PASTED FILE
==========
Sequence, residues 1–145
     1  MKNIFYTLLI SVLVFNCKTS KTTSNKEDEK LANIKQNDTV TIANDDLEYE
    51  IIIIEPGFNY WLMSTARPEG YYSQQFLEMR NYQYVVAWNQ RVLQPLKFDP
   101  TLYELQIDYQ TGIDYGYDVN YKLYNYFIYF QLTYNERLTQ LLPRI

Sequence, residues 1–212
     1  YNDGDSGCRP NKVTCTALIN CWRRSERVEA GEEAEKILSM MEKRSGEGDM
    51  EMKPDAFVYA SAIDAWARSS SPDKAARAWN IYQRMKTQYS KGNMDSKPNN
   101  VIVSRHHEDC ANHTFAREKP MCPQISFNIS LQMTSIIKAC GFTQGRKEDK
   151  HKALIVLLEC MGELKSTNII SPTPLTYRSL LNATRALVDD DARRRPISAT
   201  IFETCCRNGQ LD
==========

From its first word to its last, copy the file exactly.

Sequence, residues 1–145
     1  MKNIFYTLLI SVLVFNCKTS KTTSNKEDEK LANIKQNDTV TIANDDLEYE
    51  IIIIEPGFNY WLMSTARPEG YYSQQFLEMR NYQYVVAWNQ RVLQPLKFDP
   101  TLYELQIDYQ TGIDYGYDVN YKLYNYFIYF QLTYNERLTQ LLPRI

Sequence, residues 1–212
     1  YNDGDSGCRP NKVTCTALIN CWRRSERVEA GEEAEKILSM MEKRSGEGDM
    51  EMKPDAFVYA SAIDAWARSS SPDKAARAWN IYQRMKTQYS KGNMDSKPNN
   101  VIVSRHHEDC ANHTFAREKP MCPQISFNIS LQMTSIIKAC GFTQGRKEDK
   151  HKALIVLLEC MGELKSTNII SPTPLTYRSL LNATRALVDD DARRRPISAT
   201  IFETCCRNGQ LD